The trial court agreed with the firefighters, ruling:

  • As explained herein, there is no genuine dispute of material fact that certain City pay practices did not comply with the FLSA.
  • the Court… concludes the City has failed to prove that its IP, holiday, and standby premiums were compatible with the FWW method.
  • In short, paying an employee an hours-based premium in addition to a fixed salary invalidates the use of the FWW method unless that premium falls within the law’s definition of an overtime premium.
  • the City’s holiday premiums ran afoul of the fixed-salary requirement.
  • As discussed above, paying employees extra to work during scheduled time off is antithetical to the concept of a fixed salary.
  • Thus, the Court holds that the standby premiums were inconsistent with the fixed-salary requirement.
  • In sum, the City’s IP, holiday, and standby premiums were each incompatible with the FWW method’s fixed-salary requirement. As to those particular issues, the Court grants Plaintiffs’ motion and denies the City’s motion. As for training pay, with regard to Plaintiff Pack’s 2010 claim, the Court grants Plaintiff’s motion and denies the City’s motion. On all other aspects of the training pay issue, the Court grants the City’s motion and denies Plaintiff’s motion. Finally, the Court grants Plaintiff’s motion as to the issue of recruit pay.
  • The Court need not address the parties’ remaining arguments ….

As for whether the city’s violation of the FLSA was willful of not, the court ruled:

  • the record demonstrates that none of those violations was willful and that an award of liquidated damages in this case would be inappropriate.
  • the record demonstrates that the City analyzed DOL publications in an attempt to determine whether the IP, holiday, and standby premiums complied with the law.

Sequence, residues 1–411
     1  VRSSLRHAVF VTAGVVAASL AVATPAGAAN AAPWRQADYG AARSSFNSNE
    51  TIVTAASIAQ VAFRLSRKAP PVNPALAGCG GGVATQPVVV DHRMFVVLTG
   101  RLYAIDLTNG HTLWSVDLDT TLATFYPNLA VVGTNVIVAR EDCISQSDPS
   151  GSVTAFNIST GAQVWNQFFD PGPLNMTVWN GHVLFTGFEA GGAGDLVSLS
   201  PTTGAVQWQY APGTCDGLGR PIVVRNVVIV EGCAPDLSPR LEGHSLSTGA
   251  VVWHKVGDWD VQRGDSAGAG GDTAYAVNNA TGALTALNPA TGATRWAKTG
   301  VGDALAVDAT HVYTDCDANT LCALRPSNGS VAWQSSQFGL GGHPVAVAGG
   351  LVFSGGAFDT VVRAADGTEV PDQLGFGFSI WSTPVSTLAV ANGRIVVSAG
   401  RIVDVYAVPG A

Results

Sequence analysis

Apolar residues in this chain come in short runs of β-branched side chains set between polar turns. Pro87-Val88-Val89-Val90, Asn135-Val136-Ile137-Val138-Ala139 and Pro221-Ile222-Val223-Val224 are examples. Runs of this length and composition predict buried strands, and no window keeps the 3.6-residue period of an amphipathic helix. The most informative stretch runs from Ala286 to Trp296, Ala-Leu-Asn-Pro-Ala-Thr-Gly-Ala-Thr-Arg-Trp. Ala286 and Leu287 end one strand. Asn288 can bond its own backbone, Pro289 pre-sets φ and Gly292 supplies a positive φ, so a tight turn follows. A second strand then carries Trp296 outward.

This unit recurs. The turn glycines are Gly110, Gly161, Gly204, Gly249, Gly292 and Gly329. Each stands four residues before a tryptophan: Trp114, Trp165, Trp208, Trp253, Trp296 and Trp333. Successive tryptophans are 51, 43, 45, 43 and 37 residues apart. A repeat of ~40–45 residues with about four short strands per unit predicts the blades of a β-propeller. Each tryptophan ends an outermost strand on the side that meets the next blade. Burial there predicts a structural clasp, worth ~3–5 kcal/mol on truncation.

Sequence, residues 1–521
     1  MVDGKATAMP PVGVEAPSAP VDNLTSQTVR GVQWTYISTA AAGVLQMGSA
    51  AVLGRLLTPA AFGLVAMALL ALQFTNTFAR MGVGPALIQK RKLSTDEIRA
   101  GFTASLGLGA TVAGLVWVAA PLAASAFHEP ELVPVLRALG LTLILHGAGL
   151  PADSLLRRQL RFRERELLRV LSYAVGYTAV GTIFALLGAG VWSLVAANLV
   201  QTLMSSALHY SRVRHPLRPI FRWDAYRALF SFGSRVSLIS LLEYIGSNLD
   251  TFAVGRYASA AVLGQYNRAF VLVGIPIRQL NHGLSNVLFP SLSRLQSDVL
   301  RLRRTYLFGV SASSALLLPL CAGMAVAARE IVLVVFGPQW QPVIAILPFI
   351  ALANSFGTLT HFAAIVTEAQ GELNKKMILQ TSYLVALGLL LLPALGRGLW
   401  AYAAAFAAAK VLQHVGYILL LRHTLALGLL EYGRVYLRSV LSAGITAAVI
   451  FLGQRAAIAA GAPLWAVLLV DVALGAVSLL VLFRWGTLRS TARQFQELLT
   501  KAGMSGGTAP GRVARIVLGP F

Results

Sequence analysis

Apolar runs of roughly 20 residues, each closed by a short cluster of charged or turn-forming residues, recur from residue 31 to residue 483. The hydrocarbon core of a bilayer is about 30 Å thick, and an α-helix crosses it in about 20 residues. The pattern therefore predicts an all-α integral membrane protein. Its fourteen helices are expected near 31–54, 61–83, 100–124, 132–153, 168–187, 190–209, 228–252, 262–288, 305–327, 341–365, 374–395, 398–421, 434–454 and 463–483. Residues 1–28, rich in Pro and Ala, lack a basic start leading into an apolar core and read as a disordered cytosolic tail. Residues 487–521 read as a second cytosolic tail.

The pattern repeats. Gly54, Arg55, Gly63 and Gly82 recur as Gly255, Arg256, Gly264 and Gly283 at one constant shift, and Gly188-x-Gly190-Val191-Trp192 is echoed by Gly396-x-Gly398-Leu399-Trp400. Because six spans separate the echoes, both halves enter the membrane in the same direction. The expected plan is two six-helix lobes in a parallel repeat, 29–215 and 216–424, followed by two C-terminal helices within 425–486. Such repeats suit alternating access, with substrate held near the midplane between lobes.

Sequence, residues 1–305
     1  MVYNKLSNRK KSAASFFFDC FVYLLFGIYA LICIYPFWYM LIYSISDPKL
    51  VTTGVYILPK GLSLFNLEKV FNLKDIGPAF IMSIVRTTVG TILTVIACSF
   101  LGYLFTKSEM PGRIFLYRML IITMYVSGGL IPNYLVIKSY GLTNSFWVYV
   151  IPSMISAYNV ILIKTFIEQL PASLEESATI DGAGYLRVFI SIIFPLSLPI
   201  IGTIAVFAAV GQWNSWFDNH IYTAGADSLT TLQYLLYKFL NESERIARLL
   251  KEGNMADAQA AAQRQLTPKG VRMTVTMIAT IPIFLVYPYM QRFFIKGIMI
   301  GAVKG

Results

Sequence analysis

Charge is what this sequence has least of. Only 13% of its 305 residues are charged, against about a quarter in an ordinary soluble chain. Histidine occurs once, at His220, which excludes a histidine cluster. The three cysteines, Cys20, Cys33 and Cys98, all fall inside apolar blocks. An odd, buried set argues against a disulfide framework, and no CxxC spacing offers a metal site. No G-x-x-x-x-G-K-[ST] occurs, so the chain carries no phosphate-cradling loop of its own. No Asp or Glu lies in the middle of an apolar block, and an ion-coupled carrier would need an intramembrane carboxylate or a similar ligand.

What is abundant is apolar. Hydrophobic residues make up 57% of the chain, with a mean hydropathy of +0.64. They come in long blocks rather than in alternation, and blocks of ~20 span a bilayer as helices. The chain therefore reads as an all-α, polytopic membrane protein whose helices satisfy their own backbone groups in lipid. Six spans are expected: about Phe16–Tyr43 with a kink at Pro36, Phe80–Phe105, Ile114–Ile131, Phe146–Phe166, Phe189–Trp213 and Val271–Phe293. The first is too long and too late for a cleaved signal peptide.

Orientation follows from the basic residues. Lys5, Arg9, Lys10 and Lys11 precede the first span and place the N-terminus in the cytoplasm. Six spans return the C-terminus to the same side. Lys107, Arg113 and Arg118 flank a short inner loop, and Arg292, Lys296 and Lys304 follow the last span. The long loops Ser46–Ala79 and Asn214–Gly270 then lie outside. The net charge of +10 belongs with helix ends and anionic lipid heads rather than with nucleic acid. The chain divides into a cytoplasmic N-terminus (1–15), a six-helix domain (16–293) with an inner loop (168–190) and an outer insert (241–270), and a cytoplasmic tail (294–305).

• Further, when the City discovered its error regarding recruit pay, it engaged an attorney to report the violation to the DOL and to develop a remedy for affected recruits.
  • In sum, the City has met its burden… of showing “that it would be unfair to impose . . . more than a compensatory verdict.” …
  • The City shall not have to pay any liquidated damages on any of Plaintiffs’ remaining claims.

Here is a copy of the ruling: Regan v City of Charleston

The Fluctuating Workweek Method is one of the advanced topics we will be discussing in our upcoming class – Fair Labor Standards Act (FLSA) for Fire Departments being held:

  • February 9-11, 2016, Las Vegas, Nevada hosted by Clark County Fire Department – Information
  • August 3-5, 2016, Chicago, Illinois hosted by the Hanover Park Fire Department – Information

About Curt Varone

Curt Varone has over 40 years of fire service experience and 30 as a practicing attorney licensed in both Rhode Island and Maine. His background includes 29 years as a career firefighter in Providence (retiring as a Deputy Assistant Chief), as well as volunteer and paid on call experience. He is the author of two books: Legal Considerations for Fire and Emergency Services, (2006, 2nd ed. 2011, 3rd ed. 2014) and Fire Officer's Legal Handbook (2007), and is a contributing editor for Firehouse Magazine writing the Fire Law column.